An important issue that I have encountered in practice is attorney-client communication and preparation. Immigration law, in particular, is a very uncertain area because most types of relief are discretionary, and policies can change without much notice. Thus, it is crucial for there to be open communication between the attorney and client, and for the client to be well prepared.
Communication entails honesty and setting expectations to ensure that both the attorney and client are on the same page. Attorneys need to be honest with clients by teaching them about their case and all the positive and negative factors involved. Clients need to understand every aspect of their case, no matter how complex it may be, to avoid a feeling of betrayal or confusion when the case does not run as smooth as hoped for. We have met prospective clients that come to us for a second opinion feeling upset that things are not going well with their cases. Many are completely confused as to what their attorney is doing for them, and we often teach them about their own case. Often times, the attorneys are handling the cases in a reasonable manner, but the clients have no way of understanding unless their case is explained to them.
On the other hand, clients need to be honest with their attorneys about every aspect of their history, no matter how miniscule or embarrassing they believe it is. Honesty is the best policy. The government has many resources to investigate the truth, and things can become ugly if the client, or the attorney, commit a misrepresentation.
It is also important to maintain a line of communication during down times-such as when a case is pending and there's not much to do but wait for the government's response. We have seen some situations in which a client's pending relief is not very strong, but the client becomes a victim of a serious crime for which the client could apply for a U-Visa or the client marries someone that can have a positive impact on the pending case. However, the client does not mention this to the attorney because the client believes it's not important for the case. It's important for the client and the attorney to continue being engaged.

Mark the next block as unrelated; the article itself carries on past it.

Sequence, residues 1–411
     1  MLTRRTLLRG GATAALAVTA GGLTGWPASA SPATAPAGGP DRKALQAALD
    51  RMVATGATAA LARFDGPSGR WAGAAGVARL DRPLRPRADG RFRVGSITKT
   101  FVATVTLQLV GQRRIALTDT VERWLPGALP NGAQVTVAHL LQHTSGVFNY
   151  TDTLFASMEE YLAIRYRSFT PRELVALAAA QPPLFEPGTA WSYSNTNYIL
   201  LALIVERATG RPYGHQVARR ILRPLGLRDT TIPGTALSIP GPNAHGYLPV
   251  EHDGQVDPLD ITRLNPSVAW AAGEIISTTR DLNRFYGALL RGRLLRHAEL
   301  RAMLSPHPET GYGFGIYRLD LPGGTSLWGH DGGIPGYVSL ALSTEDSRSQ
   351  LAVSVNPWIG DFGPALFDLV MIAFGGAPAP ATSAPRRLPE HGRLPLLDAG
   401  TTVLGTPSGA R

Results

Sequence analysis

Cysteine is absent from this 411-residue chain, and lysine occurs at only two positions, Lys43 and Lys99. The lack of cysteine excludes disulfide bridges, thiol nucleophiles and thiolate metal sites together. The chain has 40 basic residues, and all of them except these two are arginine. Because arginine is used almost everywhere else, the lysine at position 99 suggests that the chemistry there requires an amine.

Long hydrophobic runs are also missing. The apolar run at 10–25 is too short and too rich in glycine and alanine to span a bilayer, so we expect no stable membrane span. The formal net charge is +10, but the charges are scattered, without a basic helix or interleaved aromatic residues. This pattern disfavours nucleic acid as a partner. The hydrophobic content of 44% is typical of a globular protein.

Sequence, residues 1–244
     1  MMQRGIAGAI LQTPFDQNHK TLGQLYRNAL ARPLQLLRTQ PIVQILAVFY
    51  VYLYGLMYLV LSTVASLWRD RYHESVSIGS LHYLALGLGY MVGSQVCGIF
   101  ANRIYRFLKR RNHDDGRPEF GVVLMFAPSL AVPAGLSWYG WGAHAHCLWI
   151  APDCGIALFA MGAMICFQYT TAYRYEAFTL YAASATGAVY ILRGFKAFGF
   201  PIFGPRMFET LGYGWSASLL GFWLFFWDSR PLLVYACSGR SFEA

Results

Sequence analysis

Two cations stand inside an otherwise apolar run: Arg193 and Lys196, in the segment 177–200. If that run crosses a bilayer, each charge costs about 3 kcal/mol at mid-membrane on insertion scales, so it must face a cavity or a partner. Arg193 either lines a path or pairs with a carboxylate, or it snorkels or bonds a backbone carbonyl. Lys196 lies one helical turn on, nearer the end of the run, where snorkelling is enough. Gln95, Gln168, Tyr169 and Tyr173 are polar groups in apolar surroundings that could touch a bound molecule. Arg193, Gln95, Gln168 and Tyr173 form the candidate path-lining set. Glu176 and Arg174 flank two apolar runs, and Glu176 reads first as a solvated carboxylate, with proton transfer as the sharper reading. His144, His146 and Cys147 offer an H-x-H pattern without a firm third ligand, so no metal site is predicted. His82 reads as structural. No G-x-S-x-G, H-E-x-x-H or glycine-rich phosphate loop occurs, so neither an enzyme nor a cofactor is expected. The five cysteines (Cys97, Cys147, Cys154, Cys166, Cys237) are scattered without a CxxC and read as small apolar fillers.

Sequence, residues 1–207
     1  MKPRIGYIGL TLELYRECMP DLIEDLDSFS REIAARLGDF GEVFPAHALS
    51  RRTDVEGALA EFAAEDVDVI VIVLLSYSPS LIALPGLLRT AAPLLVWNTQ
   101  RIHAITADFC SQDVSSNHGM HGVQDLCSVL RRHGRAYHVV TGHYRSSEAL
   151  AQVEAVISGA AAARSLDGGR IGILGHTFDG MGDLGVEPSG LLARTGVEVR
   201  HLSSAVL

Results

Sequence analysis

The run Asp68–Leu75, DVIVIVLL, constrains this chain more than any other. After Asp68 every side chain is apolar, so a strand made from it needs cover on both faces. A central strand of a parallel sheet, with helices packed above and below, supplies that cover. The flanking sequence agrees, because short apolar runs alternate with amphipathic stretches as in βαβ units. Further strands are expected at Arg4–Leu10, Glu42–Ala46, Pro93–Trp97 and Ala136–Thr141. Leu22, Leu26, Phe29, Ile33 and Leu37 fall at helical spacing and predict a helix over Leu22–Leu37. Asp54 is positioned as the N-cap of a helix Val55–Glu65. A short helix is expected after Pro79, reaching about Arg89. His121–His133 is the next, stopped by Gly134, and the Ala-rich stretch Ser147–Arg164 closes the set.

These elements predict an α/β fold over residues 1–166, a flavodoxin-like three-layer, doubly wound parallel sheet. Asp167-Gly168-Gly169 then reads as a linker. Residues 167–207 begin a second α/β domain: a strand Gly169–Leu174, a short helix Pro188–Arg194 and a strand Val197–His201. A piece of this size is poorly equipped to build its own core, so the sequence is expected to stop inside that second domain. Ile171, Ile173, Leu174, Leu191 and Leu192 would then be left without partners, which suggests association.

Client preparation goes hand in hand with client communication. Clients feel more confident when they understand their case and trust that their attorney has spoken to them about potential issues that may arise. We have received cases in which clients feel cornered and admit to things they did not do. For example, we encountered a case in which a client was questioned-for what the client described felt like hours-at the consular interview. Fortunately, the client had relief available, but the process was delayed. This issue could have possibly been avoided if there would have been a more open communication between the attorney and client. Also, the client could have been better prepared throughout the entire case. We have practice interviews and hearings with our clients, so they feel confident when the real time comes.
In conclusion, it's good practice for attorneys and clients to openly communicate with one another. As attorneys, we need to ask more questions and dig further into client facts, we also need to become teachers and explain the law to our clients. And, clients need to be more open about their facts, and make sure they understand how the law affects their cases. Finally, attorneys need to prepare clients and set expectations for the long, or short, road to relief.